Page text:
The last word in Kinbote¡¯s Commentary to Shade¡¯s poem is Gradus:
God will help me, I trust, to rid myself of any desire to follow the example of the other two characters in this work. I shall continue to exist. I may assume other disguises, other forms, but I shall try to exist. I may turn up yet, on another campus, as an old, happy, health heterosexual Russian, a writer in exile, sans fame, sans future, sans audience, sans anything but his art. I may join forces with Odon in a new motion picture: Escape from Zembla (ball in the palace, bomb in the palace square). I may pander to the simple tastes of theatrical critics and cook up a stage play, an old-fashioned melodrama with three principles: a lunatic who intends to kill an imaginary king, another lunatic who imagines himself to be that king, and a distinguished old poet who stumbles by chance into the line of fire, and perishes in the clash between the two figments. Oh, I may do many things! History permitting, I may sail back to my recovered kingdom, and with a great sob greet the gray coastline and the gleam of a roof in the rain. I may huddle and groan in a madhouse. But whatever happens, wherever the scene is laid, somebody, somewhere, will quietly set out--somebody has already set out, somebody still rather far away is buying a ticket, is boarding a bus, a ship, a plane, has landed, is walking toward a million photographers, and presently he will ring at my door--a bigger, more respectable, more competent Gradus. (note to Line 1000)
Shade¡¯s murderer, Jakob Gradus is also known as Jack Degree. In a letter of May 16, 1835, to Pushkin Katenin compares Kukolnik (a schoolmate of Gogol) to Prince Shakhovskoy and says that, contrary to Boileau¡¯s words, il est bien des degr¨¦s du m¨¦diocre au pire (there are many degrees from mediocre to worst):
§³§å§Õ§ñ §á§à §ä§Ó§à§Ú§Þ, §å§Ó§í! §ã§Ý§Ú§ê§Ü§à§Þ §á§â§Ñ§Ó§Õ§à§á§à§Õ§à§Ò§ß§í§Þ §ã§Ý§à§Ó§Ñ§Þ, §ä§í §å§Þ§â§×§ê§î (§Õ§Ñ§Û §Ò§à§Ô §ä§Ö§Ò§Ö §Þ§ß§à§Ô§à §Ý§Ö§ä §Ù§Õ§â§Ñ§Ó§ã§ä§Ó§à§Ó§Ñ§ä§î!) §£§Ö§ß§Ú§ñ§Þ§Ú§ß§à§Þ §â§å§ã§ã§Ü§Ú§ç §á§à§ï§ä§à§Ó, §ð§ß§Ö§Û§ê§Ú§Þ §Ú§Ù §ã§í§ß§à§Ó §ª§Ù§â§Ñ§Ú§Ý§ñ, §Ñ §ß§à§Ó§à§Ö §á§à§Ü§à§Ý§Ö§ß§Ú§Ö §Ò§Ö§Ù§ì§Ú§Þ§ñ§ß§ß§à§Ö; §Ú§Ò§à §Ú§Þ§Ö§ß§Ñ, §á§à§Õ§à§Ò§ß§í§Ö §¬§å§Ü§à§Ý§î§ß§Ú§Ü§å, sentent fort le Perrault. §¤§Õ§Ö §Ö§Þ§å §Õ§à §º§Ñ§ç§à§Ó§ã§Ü§à§Ô§à? §µ §ä§à§Ô§à §Ó§Ö§Ù§Õ§Ö §Ü§à§Ö-§é§ä§à §ç§à§â§à§ê§à. §³§Ó§à§ñ §³§Ö§Þ§î§ñ §Þ§Ú§Ý§Ñ, §Ó §¡§â§Ú§ã§ä§à§æ§Ñ§ß§Ö §è§Ö§Ý§Ñ§ñ §Ú§Õ§Ö§ñ, §Ú §Ò§å§Õ§î §Ó§ã§× §Ü§Ñ§Ü §Ó§ä§à§â§à§Û §Ñ§Ü§ä, §Ó§í§ê§Ý§Ñ §Ò§í §Ó §ã§Ó§à§×§Þ §â§à§Õ§Ö §ç§à§â§à§ê§Ñ§ñ §Ü§à§Þ§Ö§Õ§Ú§ñ; §Ü§ß§ñ§Ù§î §ß§Ö §ä§ë§Ñ§ä§Ö§Ý§î§ß§í§Û §ç§å§Õ§à§Ø§ß§Ú§Ü §Ú §ß§Ö §Ó§Ö§Ý§Ú§Ü§Ú§Û §á§à§ï§ä, §ß§à §Ó§à§á§â§Ö§Ü§Ú Boileau:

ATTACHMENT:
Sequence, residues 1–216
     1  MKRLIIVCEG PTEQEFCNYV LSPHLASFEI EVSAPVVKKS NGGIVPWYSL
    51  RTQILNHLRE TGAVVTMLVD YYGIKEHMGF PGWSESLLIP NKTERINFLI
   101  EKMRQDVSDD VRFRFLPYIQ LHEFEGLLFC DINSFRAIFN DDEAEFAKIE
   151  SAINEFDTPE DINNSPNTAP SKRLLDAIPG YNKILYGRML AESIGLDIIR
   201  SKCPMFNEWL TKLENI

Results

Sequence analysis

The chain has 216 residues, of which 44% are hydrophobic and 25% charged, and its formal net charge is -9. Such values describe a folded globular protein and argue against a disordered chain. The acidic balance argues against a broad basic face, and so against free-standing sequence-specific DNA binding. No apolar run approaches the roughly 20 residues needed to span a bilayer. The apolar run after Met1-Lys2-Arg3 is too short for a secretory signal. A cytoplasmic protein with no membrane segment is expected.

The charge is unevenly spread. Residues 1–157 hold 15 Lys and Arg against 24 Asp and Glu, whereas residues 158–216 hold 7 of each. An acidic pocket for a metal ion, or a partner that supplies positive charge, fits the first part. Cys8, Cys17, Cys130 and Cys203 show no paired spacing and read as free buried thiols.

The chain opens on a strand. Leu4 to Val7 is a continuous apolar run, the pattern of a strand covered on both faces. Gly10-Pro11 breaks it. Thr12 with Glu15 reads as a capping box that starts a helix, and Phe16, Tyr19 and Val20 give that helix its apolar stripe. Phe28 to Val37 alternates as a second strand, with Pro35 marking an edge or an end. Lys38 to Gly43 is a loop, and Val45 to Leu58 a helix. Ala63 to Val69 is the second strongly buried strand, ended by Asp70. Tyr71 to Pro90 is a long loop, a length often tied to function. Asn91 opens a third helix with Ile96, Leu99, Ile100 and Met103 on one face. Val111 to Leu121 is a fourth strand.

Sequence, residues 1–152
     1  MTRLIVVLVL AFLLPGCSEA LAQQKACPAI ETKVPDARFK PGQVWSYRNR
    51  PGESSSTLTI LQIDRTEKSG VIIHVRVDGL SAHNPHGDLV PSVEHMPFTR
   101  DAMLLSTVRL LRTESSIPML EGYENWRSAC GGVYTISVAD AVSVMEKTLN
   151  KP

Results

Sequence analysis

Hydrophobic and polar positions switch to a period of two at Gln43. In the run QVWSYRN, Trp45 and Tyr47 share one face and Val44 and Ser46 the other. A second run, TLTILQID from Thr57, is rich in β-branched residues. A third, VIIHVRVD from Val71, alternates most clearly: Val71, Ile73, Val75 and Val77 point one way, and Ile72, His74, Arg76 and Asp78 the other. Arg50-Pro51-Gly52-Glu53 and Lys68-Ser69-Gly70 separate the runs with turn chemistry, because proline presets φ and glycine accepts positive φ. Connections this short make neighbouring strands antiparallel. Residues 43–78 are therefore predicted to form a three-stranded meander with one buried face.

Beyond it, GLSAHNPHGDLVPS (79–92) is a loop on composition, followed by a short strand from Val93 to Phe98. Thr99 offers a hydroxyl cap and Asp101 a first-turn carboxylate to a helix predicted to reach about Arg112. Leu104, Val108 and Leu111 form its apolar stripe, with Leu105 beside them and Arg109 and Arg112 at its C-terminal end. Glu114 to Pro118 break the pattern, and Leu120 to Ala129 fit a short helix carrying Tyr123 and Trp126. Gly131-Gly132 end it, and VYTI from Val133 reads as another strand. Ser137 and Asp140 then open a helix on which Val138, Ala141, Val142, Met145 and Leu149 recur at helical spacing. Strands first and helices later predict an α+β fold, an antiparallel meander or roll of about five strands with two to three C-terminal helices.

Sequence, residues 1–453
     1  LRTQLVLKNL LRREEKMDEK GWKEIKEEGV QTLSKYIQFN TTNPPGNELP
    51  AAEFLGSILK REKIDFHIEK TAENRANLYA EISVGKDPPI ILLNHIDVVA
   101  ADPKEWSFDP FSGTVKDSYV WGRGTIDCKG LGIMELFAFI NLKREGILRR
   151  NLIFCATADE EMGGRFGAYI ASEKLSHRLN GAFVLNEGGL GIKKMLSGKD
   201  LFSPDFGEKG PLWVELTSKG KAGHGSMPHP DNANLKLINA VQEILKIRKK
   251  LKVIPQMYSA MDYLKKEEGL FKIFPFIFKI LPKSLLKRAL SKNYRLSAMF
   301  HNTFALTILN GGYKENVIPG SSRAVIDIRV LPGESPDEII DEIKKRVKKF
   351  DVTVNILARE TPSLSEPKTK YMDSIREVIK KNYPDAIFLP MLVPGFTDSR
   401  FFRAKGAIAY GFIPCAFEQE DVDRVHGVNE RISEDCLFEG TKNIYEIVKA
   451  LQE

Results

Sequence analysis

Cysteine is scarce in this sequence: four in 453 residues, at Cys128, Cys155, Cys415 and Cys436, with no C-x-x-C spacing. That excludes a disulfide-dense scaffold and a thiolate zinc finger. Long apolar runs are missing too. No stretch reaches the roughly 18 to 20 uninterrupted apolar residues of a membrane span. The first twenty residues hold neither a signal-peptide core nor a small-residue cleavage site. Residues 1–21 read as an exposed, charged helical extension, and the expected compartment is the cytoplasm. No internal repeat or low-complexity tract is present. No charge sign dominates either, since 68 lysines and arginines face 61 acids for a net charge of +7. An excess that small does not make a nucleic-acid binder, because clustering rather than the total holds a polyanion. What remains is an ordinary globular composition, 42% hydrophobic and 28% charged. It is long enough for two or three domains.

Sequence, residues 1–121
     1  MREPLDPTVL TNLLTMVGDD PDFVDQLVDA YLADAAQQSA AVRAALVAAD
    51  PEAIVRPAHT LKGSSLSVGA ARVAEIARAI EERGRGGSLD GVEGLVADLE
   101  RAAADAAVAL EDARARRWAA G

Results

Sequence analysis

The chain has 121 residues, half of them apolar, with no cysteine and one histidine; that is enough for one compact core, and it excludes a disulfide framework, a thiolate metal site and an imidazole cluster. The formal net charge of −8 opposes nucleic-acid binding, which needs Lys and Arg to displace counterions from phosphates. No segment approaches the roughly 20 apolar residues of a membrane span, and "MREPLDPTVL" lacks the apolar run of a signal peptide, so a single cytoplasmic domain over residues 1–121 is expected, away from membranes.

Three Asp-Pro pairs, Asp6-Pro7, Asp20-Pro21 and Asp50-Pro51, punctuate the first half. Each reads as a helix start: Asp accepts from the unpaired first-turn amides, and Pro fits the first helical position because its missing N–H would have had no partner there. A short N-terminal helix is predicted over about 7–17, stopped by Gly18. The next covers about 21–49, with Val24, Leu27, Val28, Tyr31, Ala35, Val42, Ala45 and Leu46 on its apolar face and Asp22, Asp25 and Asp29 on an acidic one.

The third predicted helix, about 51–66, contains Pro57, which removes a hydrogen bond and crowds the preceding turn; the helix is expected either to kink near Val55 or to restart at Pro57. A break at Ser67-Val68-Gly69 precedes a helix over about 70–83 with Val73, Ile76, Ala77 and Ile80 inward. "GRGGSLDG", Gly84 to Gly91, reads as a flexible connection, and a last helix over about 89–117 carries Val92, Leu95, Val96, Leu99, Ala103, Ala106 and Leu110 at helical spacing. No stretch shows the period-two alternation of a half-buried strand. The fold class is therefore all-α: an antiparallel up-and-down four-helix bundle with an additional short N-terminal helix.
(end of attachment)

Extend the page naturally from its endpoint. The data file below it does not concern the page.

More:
Il est bien des degr¨¦s du m¨¦diocre au pire
§ã§Ú§â§Ö§é§î §Õ§à §¬§å§Ü§à§Ý§î§ß§Ú§Ü§Ñ; §Ú §Ü§Ñ§Ü§Ú§Þ§Ú §ã§ä§Ú§ç§Ñ§Þ§Ú, §ã §ä§Ö§ç §á§à§â §Ü§Ñ§Ü §à§ß§Ú §Ó§Ù§Ò§å§ß§ä§à§Ó§Ñ§Ý§Ú§ã§î §á§â§à§ä§Ú§Ó§å §Ó§ã§Ö§ç §á§â§Ñ§Ó§Ú§Ý, §à§ß§Ú §á§Ú§ê§å§ä!
Katenin quotes Pushkin¡¯s prediction that he (Pushkin) will die Veniaminom russkikh poetov, yuneyshim iz synov Izrailya (as the Benjamin of Russian poets, the youngest if Israel¡¯s sons).
In a letter of Sept. 9, 1830, to Pletnyov (to whom Eugene Onegin is dedicated) Pushkin quotes the last words of his uncle Vasiliy Lvovich (who died on Aug. 20, 1830): kak skuchny statyi Katenina! (how boring are the articles of Katenin!):
§¢§Ö§Õ§ß§í§Û §Õ§ñ§Õ§ñ §£§Ñ§ã§Ú§Ý§Ú§Û! §Ù§ß§Ñ§Ö§ê§î §Ý§Ú §Ö§Ô§à §á§à§ã§Ý§Ö§Õ§ß§Ú§Ö §ã§Ý§à§Ó§Ñ? §á§â§Ú§Ö§Ù§Ø§Ñ§ð §Ü §ß§Ö§Þ§å, §ß§Ñ§ç§à§Ø§å §Ö§Ô§à §Ó §Ù§Ñ§Ò§í§ä§î§Ú, §à§é§ß§å§Ó§ê§Ú§ã§î, §à§ß §å§Ù§ß§Ñ§Ý §Þ§Ö§ß§ñ, §á§à§Ô§à§â§Ö§Ó§Ñ§Ý, §á§à§ä§à§Þ, §á§à§Þ§à§Ý§é§Ñ§Ó: §Ü§Ñ§Ü §ã§Ü§å§é§ß§í §ã§ä§Ñ§ä§î§Ú §¬§Ñ§ä§Ö§ß§Ú§ß§Ñ! §Ú §Ò§à§Ý§Ö§Ö §ß§Ú §ã§Ý§à§Ó§Ñ. §¬§Ñ§Ü§à§Ó§à? §Ó§à§ä §é§ä§à §Ù§ß§Ñ§é§Ú§ä §å§Þ§Ö§â§Ö§ä§î §é§Ö§ã§ä§ß§í§Þ §Ó§à§Ú§ß§à§Þ, §ß§Ñ §ë§Ú§ä§Ö, le cri de guerre a la bouche!
Vasiliy Lvovich Pushkin is the author of Opasnyi sosed (¡°The Dangerous Neighbor,¡± 1811). In a letter of Dec. 28, 1816, to his uncle Pushkin calls Vasiliy Lvovich Nestor Arzamasa (the Nestor of Arzamas)* and Opasnyi dlya pevtsov sosed (a neighbor dangerous for bards):
§´§Ö§Ò§Ö, §à §¯§Ö§ã§ä§à§â §¡§â§Ù§Ñ§Þ§Ñ§ã§Ñ,
§£ §Ò§à§ñ§ç §Ó§à§ã§á§Ú§ä§Ñ§ß§ß§í§Û §á§à§ï§ä, ¡ª
§°§á§Ñ§ã§ß§í§Û §Õ§Ý§ñ §á§Ö§Ó§è§à§Ó §ã§à§ã§Ö§Õ
§¯§Ñ §ã§ä§â§Ñ§ê§ß§à§Û §Ó§í§ã§à§ä§Ö §±§Ñ§â§ß§Ñ§ã§Ñ,
§©§Ñ§ë§Ú§ä§ß§Ú§Ü §Ó§Ü§å§ã§Ñ, §Ô§â§à§Ù§ß§í§Û §£§à§ä!
§´§Ö§Ò§Ö, §Þ§à§Û §Õ§ñ§Õ§ñ, §Ó §ß§à§Ó§í§Û §Ô§à§Õ
§£§Ö§ã§Ö§Ý§î§ñ §á§â§Ö§Ø§ß§Ö§Ô§à §Ø§Ö§Ý§Ñ§ß§î§Ö
§ª §ã§Ý§Ñ§Ò§í§Û §ã§Ö§â§Õ§è§Ñ §á§Ö§â§Ö§Ó§à§Õ ¡ª
§£ §ã§ä§Ú§ç§Ñ§ç §Ú §á§â§à§Ù§à§ð §á§à§ã§Ý§Ñ§ß§î§Ö.
§£ §á§Ú§ã§î§Þ§Ö §£§Ñ§ê§Ö§Þ §£§í §ß§Ñ§Ù§í§Ó§Ñ§Ý§Ú §Þ§Ö§ß§ñ §Ò§â§Ñ§ä§à§Þ, §ß§à §ñ §ß§Ö §à§ã§Þ§Ö§Ý§Ú§Ý§ã§ñ §ß§Ñ§Ù§Ó§Ñ§ä§î §£§Ñ§ã §ï§ä§Ú§Þ §Ú§Þ§Ö§ß§Ö§Þ, §ã§Ý§Ú§ê§Ü§à§Þ §Õ§Ý§ñ §Þ§Ö§ß§ñ §Ý§Ö§ã§ä§ß§í§Þ.